Nevertheless, equichordal bodies *K* (i.e., bodies all whose chords passing through some \(p \in K\) have lengths 1 or, equivalently, whose chordal symmetrals are balls) yield also interesting research problems. Groemer (see [459] and Section 6 of [460]) investigates the stability of inequalities referring to quantities of them, e.g., bounding their volume. In [215] various geometric properties of equichordal curves are derived, and also relations to the notion of transnormality are clarified. And in [217] the notion of diametrical submanifold of a Euclidean space with respect to a center *p* is defined, which is a special case of tangential symmetry in convexity. Namely, such a submanifold admits a tangent-preserving diffeomorphism such that the chords connecting the points on the submanifold with their images pass through *p*. For compact, connected submanifolds satisfying a certain condition the property of being diametrical is the same as being centrally symmetric and, if that is the case, there is just one center. In the present paper, the authors define equichordality for the submanifolds and study the case when a submanifold admits an equichordal and a diametrical diffeomorphism with respect to the same center. For a certain modification of the equichordality notion, in [214] a characterization of spheres is proved. And in [260], so-called *g*-chordal sets as a generalization of equichordal sets are investigated, yielding an interesting Crofton-type formula and also a lower bound of the area enclosed by such *g*-chordal curves. For similar results we refer also to [248]. Eggleston considered in [312] also polars of constant width sets. If a body of constant width has the origin *o* as interior point, then its polar has an *equireciprocal point*, that is, the sum of the reciprocals of distances from *o* to *p* and from *o* to *q* is the same for all chords *pq* of the polar body passing through *o*. If *S* denotes the surface obtained from the boundary of this polar body via inversion at the unit sphere \(S^{n-1}\), then *o* is an equichordal point of *S*. In the planar case, the analogue of *S* is the pedal curve of the constant width set which was the starting point here (see also [617]). For more about sets with equireciprocal points we refer to [333] and Section 2 of [635], and inequalities for convex sets with one such special point (like an equichordal or an equireciprocal one) are derived in [413] and [460].

Weakly related to the notion of intersection body, Stephen asked in [1099] whether there is a convex body in \(\mathbb {E}^n, n > 2,\) which is not centrally symmetric and whose *convex* intersection body (see [1099] for a definition) is a Euclidean ball.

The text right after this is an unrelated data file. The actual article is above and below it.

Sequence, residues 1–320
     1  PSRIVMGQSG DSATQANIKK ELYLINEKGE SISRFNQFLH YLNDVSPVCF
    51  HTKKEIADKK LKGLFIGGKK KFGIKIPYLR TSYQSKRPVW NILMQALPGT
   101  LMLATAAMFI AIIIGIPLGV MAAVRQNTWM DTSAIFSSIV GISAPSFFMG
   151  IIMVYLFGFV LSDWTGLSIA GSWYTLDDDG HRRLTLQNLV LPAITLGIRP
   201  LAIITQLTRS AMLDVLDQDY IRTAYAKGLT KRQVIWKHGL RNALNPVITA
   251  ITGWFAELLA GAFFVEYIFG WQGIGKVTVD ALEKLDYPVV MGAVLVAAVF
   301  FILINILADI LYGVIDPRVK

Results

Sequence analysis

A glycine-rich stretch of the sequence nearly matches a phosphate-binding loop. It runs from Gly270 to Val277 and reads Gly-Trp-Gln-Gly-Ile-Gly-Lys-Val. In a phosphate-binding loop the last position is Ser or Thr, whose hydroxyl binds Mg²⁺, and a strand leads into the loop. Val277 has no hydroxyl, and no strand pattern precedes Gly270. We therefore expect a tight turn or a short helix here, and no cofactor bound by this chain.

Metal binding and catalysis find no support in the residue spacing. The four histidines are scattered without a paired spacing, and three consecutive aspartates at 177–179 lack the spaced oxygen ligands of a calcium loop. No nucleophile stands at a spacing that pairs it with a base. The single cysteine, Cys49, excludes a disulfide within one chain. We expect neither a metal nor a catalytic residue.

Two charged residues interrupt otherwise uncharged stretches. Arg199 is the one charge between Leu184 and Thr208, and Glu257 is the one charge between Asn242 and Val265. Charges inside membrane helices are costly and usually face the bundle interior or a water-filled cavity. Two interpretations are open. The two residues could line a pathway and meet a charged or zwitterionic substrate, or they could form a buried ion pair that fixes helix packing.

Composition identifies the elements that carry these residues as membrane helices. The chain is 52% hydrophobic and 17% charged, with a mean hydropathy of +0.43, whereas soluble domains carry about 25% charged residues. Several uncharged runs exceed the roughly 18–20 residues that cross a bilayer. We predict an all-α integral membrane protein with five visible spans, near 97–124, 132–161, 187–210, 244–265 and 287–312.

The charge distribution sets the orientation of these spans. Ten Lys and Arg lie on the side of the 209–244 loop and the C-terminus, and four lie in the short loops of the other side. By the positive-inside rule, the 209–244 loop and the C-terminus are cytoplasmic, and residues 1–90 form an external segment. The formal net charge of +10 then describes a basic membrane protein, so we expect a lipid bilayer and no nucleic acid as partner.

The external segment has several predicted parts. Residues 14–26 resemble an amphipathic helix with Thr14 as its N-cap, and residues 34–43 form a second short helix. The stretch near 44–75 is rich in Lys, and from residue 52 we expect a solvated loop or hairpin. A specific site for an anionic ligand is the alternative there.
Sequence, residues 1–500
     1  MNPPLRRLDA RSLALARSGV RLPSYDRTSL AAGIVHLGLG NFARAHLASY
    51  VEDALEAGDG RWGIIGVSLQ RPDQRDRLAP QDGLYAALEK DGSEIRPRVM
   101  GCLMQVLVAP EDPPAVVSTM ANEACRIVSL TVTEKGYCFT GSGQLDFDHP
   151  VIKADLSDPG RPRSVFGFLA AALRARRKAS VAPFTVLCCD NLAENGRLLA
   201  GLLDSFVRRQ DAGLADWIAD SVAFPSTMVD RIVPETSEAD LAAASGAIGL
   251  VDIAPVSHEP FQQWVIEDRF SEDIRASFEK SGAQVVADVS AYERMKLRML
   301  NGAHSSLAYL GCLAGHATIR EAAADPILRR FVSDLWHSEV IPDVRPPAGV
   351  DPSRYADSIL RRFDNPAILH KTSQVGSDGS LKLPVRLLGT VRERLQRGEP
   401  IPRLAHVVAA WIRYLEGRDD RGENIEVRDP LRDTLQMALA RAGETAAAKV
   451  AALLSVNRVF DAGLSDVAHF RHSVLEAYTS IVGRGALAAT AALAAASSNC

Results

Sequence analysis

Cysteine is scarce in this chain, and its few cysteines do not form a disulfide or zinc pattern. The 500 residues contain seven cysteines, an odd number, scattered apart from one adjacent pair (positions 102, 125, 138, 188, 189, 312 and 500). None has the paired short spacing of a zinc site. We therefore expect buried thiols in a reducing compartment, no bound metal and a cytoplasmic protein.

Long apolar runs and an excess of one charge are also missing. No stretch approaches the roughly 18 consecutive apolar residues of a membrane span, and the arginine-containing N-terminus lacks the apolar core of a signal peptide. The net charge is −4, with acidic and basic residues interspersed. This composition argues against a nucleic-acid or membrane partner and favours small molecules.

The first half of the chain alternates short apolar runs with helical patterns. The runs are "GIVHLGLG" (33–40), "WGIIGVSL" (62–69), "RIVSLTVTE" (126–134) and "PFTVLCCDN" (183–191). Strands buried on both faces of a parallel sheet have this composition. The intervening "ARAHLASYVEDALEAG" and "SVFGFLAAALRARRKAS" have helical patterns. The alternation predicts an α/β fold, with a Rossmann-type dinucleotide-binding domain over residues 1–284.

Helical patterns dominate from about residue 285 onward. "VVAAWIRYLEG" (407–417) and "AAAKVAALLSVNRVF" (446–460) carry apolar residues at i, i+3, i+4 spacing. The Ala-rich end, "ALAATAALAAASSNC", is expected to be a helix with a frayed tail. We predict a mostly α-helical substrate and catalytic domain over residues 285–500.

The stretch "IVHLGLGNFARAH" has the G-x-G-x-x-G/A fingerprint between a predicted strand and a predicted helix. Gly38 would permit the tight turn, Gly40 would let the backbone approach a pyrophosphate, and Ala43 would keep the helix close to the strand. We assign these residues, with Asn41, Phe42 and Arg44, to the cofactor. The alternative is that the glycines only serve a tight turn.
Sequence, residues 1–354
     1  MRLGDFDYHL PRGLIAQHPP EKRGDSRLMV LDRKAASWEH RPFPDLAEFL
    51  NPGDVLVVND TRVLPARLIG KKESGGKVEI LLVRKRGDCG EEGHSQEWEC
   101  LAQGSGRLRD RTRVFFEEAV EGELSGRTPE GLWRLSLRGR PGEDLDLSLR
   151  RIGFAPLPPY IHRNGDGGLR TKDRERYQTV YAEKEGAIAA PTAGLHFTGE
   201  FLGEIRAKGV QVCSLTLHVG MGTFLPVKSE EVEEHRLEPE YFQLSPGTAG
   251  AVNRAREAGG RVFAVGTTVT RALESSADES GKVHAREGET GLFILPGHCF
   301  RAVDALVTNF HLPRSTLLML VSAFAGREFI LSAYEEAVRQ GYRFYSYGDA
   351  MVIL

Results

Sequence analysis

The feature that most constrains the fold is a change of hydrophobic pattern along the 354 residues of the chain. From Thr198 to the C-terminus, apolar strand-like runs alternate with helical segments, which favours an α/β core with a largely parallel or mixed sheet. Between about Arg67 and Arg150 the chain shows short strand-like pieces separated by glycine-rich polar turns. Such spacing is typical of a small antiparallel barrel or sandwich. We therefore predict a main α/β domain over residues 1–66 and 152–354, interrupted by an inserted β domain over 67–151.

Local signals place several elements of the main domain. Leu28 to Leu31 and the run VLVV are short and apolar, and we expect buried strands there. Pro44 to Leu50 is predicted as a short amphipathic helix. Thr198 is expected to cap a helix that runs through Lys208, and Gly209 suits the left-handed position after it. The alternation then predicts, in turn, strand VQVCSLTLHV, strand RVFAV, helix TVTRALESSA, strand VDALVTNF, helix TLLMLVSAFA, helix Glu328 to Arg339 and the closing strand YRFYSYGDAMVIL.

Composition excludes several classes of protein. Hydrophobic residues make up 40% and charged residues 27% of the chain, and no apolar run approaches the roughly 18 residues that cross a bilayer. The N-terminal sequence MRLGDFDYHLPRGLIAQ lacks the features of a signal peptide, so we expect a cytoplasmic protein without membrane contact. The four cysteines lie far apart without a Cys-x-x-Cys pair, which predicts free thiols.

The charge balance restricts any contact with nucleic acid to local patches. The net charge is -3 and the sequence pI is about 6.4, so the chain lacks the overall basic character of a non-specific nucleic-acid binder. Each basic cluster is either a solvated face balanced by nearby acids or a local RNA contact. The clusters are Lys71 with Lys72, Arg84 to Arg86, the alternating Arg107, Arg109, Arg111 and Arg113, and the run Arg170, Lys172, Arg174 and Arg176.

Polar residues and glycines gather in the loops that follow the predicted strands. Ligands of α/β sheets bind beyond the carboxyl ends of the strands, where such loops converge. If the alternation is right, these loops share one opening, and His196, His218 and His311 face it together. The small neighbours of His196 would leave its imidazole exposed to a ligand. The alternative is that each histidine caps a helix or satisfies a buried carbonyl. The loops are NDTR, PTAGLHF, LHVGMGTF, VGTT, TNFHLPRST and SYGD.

**Constant Girth**

Not directly connected with our framework of cross-section measures, but nevertheless closely related are the so-called bodies of *constant girth* and of *constant k-girth*. This topic has to do also with Minkowski’s projection theorem discussed already in our Section 13.1. A more general and broader discussion is given in § 3.3 of Gardner’s book [401]. If for \(1 \le k \le n-1\) and a convex body *K* in \(\mathbb {E}^n\) the value \(V_k(K|u^\perp )\) is constant for all directions *u*, where \(V_k\) denotes the *k*-th intrinsic volume of \(K|u^\perp \), then *K* is said to be of *constant k-girth* (this definition is due to Chakerian [231], yielding for \(k = n-2\) the usual notion of *constant girth*). It was shown in [231] that under certain smoothness assumptions every body of constant outer *k*-measure must have constant *k*-girth, and Firey [359] could remove these boundary restrictions. The converse seems to be open, although Firey [359] confirmed it for bodies of revolution. And Theorem 3.3.13 in [401] says that a convex body in \(\mathbb {E}^n\) is of constant width iff it is of constant 1-girth. Extending a result of Aleksandrov from [12], Chakerian and Lutwak use in [240] also a generalization of the notion of constant girth. And in [744] bodies of constant girth occur as extremal cases in inequalities referring to quermassintegrals of mixed projection bodies. It is natural to ask the following: does a convex body in 3-space have almost constant width if the perimeter of its projections is nearly constant? Goodey and Groemer [441] treat this stability problem associated with Minkowski’s projection theorem and extend their results also to the *n*-dimensional situation.

**Combinations**